Today, President Trump has adopted some of the same kind of policies as Obama, but he has managed to rally the world against him. Although their policies are very different when it comes to the details, the most pivotal difference between Obama and Trump’s policies is the messaging. World leaders are so against Donald Trump’s Iranian sanctions that European officials are willing to work with the likes of Russia and China to circumvent them by creating a so-called special purpose vehicle. There is valid criticism of the Iranian Nuclear Deal. It probably would not have helped actually prevent Iran from eventually pursuing nuclear weapons. Trump’s actions are, however, due to the fact Donald Trump did not like the Iranian Nuclear Deal and does not like Iran. The problem is that European leaders view the Iranian Nuclear Deal as the best option available and an symbol of progress. Trump could win over EU leaders, but he has a habit of catering to like-minded individuals instead of building solid arguments for his positions, thus he fails to recruit the supporters he needs to progress. It is the same reason why Republicans lost the message battle on Trump’s tax cuts.
Looking at Trump’s “American First” platform and trade war, the same issue can be seen. Not only did Trump fail to see the negative impact of his policies positions from the perspective of those hurt by them, he failed to formulate a response to win their support. Instead of denying criticism, he needs to create a “Nation First” platform for the global theatre. Although analysts can point to Trump’s foreign policy impotence as a troubling sign of America’s decline, it is actually a sign of the world’s lack of support for US leadership. Today, it is Donald Trump who lacks respect on the international stage, but the world, much like the US population, has become increasingly disenchanted with US political leadership. To reverse the decline of US influence, America must simply elect better leaders. That said, the most troubling aspect of the world’s reaction to Trump’s sanctions is that there are times when world leaders should support sanctions, regardless of who is the US President.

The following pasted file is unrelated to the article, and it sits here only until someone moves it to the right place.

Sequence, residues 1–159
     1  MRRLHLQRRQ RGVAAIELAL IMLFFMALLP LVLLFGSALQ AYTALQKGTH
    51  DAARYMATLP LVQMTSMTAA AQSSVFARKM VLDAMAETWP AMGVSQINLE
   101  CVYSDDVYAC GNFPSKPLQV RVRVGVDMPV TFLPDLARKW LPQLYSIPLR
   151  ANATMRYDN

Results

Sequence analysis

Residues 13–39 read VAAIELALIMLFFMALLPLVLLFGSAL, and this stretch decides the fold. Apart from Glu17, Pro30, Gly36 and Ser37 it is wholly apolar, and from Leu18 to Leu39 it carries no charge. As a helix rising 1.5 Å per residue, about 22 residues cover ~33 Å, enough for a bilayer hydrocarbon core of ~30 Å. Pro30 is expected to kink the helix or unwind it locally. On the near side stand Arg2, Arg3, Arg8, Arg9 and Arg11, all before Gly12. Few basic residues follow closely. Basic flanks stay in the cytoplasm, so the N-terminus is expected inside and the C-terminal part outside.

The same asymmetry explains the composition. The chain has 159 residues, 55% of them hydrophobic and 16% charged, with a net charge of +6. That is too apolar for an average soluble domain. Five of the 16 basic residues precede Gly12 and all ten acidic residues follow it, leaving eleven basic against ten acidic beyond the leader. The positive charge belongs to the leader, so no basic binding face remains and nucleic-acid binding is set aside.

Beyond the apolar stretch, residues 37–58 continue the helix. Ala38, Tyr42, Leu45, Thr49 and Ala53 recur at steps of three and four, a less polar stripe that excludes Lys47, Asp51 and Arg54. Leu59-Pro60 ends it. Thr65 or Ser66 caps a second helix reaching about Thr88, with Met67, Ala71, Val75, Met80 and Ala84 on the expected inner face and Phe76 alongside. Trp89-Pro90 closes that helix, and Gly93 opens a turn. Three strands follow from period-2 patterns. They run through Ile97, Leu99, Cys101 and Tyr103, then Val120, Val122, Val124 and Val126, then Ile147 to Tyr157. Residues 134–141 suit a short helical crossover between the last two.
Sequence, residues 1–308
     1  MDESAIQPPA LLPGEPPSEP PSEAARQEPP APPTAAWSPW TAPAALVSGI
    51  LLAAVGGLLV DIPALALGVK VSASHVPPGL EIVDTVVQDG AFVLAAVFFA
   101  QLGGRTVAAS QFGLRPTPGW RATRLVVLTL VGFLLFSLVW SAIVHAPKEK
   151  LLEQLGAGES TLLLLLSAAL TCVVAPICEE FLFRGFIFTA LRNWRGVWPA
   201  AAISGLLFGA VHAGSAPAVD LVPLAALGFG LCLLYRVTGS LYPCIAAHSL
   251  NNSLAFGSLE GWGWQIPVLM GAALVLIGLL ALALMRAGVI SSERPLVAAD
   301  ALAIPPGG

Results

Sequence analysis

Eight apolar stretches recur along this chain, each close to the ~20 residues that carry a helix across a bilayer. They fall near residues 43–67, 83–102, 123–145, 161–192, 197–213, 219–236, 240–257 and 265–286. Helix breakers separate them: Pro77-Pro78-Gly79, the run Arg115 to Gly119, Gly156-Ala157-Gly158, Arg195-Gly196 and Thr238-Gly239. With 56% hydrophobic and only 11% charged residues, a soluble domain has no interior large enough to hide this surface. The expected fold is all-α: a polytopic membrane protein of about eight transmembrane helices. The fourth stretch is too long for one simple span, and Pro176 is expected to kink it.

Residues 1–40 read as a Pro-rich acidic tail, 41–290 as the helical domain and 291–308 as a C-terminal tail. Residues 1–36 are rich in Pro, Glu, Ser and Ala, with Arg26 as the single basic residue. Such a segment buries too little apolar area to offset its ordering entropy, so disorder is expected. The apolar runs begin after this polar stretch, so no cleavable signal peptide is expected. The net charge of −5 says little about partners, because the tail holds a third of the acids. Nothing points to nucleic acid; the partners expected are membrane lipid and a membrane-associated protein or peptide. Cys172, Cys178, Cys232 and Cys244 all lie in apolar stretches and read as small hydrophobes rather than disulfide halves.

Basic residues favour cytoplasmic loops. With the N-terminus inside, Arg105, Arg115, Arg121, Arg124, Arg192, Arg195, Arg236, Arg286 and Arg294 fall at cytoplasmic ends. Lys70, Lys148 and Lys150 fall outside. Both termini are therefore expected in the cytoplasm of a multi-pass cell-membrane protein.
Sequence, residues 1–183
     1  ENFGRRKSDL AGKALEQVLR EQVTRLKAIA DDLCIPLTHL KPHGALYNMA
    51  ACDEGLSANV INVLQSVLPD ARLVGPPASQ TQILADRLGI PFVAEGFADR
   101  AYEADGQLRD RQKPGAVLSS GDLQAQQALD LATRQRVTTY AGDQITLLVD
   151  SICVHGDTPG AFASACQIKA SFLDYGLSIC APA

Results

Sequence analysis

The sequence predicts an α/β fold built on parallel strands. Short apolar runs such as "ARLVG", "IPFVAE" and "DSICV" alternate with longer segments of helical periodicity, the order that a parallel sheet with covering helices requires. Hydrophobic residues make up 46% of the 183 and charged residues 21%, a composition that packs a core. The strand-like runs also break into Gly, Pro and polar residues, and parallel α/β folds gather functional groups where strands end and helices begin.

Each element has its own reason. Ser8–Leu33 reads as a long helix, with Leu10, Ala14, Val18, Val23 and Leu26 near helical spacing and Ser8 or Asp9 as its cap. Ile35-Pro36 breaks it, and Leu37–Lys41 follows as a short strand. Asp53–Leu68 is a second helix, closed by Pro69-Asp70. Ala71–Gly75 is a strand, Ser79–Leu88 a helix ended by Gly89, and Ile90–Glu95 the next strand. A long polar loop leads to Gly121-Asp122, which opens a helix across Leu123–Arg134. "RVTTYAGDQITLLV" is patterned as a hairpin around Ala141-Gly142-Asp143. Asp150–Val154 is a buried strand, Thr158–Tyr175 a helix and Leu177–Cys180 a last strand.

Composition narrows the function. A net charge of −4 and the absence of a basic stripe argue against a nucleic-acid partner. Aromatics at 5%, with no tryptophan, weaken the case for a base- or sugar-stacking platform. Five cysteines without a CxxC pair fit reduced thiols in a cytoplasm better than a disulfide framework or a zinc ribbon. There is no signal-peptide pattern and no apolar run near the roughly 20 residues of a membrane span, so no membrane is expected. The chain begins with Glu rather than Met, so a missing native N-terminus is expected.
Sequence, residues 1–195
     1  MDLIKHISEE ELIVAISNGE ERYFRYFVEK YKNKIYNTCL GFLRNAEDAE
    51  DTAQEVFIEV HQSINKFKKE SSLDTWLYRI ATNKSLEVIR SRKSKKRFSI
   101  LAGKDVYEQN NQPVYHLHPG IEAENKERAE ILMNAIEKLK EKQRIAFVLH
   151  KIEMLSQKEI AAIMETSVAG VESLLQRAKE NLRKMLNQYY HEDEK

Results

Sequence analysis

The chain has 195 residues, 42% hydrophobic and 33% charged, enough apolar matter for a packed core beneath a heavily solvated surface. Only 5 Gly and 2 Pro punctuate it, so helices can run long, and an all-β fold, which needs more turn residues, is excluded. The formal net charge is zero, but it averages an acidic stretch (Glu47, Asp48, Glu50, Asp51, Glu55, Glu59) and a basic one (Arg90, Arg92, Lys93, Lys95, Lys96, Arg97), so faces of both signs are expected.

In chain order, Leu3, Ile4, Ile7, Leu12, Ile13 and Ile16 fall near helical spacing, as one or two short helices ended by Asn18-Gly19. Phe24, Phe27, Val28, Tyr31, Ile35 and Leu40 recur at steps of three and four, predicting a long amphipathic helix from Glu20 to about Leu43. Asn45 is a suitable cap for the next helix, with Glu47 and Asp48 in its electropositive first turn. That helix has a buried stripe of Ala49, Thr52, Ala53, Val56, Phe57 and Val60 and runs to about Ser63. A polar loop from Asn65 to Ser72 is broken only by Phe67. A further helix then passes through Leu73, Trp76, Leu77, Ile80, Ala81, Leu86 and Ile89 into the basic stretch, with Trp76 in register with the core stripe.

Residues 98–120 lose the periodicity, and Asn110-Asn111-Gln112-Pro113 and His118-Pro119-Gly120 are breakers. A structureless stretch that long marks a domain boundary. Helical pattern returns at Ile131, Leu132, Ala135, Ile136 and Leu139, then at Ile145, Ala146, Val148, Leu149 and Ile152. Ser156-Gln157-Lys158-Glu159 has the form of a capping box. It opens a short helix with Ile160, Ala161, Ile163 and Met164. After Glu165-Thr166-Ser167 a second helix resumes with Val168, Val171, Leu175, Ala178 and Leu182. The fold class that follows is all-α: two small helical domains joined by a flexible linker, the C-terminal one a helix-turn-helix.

The Trump Administration’s targeting of individuals involved in the sale of Russian military hardware, for example, has angered Chinese leadership who derided the US government for undermining the defenses of other nations. While the abuse of targeted sanctions against individuals has been a very real and growing concern since the Obama Administration adopted their practice, there is also a compelling argument for such sanctions. Dozens of countries may rely on Russian military components to ensure their national security, but that alone cannot be the reason to ignore misdeeds by Moscow. Not only did Russia steal a piece of a country, i.e. Crimea, and sustain a destabilizing insurgency against that same country, i.e. Ukraine, for rejecting Russian political influence, its intervention in the Syrian Civil War against the will of the International Community and against the will of the Syrian People multiplied the death toll and destruction by magnitudes. Certainly, the US and its European counterparts have done their share of misdeeds, but the cycle of abuse and violence must be stopped. Targeted sanctions against warmongers are needed to do that and there must international support for sanctions in order for them to effective.
Read old posts